langue en MBDA - 03/05/2019

Sea Venom/ANL missile

Sea Venom/ANL is the next generation, multi-role surface attack weapon developed for helicopters of the French and UK navies by MBDA.

Known as Anti-Navire Leger (ANL) in France, Sea Venom is expected to enter service with the Royal Navy towards the end of 2020. Its first successful test launch was conducted from an AS365 Dauphin on 21 June 2017.

It is designed for the most demanding operations, including:
- Safely engaging hostile vessels amongst friendly and civilian assets, particularly in congested littoral environments.
- Defeating broad target spectrums:
o From small craft to larger warships at sea or in port
o Coastal land targets

Sea Venom/ANL is based on cutting-edge technologies and features an uncooled imaging IR seeker, advanced self-guidance and IR image processing along with a 2-way RF data link for in-flight monitoring. The missile relays its IR seeker image to the cockpit in real time, giving the operator options for remaining in control of the missile throughout its flight, in addition to having an autonomous engagement capability.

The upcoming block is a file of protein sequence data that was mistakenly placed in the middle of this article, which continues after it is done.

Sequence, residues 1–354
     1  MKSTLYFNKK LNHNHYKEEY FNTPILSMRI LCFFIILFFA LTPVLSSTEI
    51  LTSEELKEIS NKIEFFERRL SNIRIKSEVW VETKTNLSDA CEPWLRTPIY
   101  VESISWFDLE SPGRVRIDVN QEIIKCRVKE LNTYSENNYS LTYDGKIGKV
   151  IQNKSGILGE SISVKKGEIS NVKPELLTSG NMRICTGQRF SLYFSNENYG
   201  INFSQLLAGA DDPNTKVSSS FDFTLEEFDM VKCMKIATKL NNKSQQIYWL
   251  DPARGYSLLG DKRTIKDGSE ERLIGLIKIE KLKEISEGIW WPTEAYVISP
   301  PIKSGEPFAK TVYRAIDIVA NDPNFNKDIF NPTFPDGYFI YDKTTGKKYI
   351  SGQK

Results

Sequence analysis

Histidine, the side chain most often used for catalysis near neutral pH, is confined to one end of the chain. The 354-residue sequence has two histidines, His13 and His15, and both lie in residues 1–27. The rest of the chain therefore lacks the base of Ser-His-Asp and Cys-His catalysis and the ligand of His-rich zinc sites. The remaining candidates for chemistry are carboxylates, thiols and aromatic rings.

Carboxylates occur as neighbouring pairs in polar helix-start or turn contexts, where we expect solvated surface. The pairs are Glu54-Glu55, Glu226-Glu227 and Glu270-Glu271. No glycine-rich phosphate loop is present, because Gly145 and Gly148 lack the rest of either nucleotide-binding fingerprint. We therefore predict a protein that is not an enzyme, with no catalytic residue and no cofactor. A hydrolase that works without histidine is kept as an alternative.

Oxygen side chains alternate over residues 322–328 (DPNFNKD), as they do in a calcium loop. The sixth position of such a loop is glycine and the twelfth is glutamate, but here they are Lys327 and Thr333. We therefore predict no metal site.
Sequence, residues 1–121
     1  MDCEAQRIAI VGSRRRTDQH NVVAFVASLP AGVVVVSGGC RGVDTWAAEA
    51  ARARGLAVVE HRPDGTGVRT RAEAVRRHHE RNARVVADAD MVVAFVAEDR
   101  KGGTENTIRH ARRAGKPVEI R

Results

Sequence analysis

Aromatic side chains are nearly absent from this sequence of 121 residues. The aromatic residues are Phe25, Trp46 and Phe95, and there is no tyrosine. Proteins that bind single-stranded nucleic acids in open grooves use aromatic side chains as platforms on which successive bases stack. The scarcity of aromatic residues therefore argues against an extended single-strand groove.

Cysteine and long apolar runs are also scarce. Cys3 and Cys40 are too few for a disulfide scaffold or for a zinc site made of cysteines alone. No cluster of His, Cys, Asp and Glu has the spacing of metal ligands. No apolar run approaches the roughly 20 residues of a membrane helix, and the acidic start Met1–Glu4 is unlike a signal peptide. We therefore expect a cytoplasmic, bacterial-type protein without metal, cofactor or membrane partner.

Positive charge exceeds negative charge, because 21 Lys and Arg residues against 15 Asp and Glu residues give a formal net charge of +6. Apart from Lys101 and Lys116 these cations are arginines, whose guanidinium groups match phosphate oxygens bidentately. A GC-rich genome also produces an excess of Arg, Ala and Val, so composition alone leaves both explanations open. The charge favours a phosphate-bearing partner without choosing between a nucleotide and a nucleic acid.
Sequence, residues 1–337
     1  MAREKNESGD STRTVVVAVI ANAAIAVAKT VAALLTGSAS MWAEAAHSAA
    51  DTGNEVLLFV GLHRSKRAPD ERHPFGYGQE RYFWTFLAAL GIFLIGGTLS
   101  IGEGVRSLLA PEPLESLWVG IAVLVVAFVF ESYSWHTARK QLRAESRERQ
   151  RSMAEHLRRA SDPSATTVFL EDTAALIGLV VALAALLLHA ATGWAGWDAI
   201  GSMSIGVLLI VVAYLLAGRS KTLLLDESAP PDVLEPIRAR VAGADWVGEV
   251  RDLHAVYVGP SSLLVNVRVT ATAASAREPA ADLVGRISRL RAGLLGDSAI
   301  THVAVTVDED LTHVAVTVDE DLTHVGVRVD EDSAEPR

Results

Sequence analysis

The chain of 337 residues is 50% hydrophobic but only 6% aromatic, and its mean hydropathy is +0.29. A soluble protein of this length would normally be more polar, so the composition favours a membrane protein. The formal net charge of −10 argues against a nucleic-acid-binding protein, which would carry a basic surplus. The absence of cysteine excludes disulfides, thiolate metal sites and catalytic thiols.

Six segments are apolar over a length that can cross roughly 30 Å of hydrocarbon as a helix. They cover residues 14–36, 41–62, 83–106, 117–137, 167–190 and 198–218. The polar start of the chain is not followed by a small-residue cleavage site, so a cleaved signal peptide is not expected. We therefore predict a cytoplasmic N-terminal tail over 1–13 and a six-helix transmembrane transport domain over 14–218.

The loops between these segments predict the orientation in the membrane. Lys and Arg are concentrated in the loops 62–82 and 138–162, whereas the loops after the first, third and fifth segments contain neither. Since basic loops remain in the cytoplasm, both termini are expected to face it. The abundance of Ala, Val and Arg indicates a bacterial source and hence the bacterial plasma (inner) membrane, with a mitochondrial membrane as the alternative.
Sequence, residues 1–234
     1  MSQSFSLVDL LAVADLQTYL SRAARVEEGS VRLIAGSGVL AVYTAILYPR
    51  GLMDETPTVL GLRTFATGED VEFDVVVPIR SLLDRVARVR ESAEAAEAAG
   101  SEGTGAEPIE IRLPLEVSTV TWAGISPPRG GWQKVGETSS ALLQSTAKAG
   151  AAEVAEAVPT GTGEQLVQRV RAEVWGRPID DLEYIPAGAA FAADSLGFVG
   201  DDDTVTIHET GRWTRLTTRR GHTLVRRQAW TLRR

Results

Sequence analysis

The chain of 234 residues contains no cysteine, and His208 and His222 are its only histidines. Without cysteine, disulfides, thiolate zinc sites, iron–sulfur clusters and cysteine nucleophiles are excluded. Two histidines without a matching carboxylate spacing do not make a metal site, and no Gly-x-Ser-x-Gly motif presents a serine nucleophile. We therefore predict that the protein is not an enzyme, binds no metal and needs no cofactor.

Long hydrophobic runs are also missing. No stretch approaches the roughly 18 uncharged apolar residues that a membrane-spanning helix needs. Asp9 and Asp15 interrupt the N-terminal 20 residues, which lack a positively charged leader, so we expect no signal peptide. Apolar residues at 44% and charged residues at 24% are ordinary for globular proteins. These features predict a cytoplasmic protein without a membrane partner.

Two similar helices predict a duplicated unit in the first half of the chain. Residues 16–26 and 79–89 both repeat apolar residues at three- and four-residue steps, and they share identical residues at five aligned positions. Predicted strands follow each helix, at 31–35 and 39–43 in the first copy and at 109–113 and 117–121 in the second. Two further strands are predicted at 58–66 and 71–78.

Sea Venom/ANL has been designed for purpose from the onset and provides high survivability owing to its subsonic propulsion, true sea-skimming flight, selectable flight profiles and terminal manoeuvres. In addition, it also features a multi-effect lethal package (30kg class warhead), semi-armour piercing and blast and fragmentation effects and possesses the potential for salvo firing capability from a safe stand-off range, enhancing crew survivability even further.
Sea Venom users also benefit from:

- Reduced modifications to existing ship storage and handling equipment
- High helicopter load-out
- Minimal impact on logistics and through-life costs

The jointly funded Anglo-French contract for Sea Venom/ANL was valued at more than £500m and is managed as part of MBDAs Team Complex Weapons Portfolio. By working together and uniting their respective strengths, Britain and France will not only deliver a more cost-effective solution to their military needs, but will also benefit the capability and export potential of the European platforms that will integrate Sea Venom/ANL, including the Royal Navys AW159 Lynx Wildcat helicopters and the French Navys maritime helicopters/
FIAC/FAC/Corvettes/Team complex weapons

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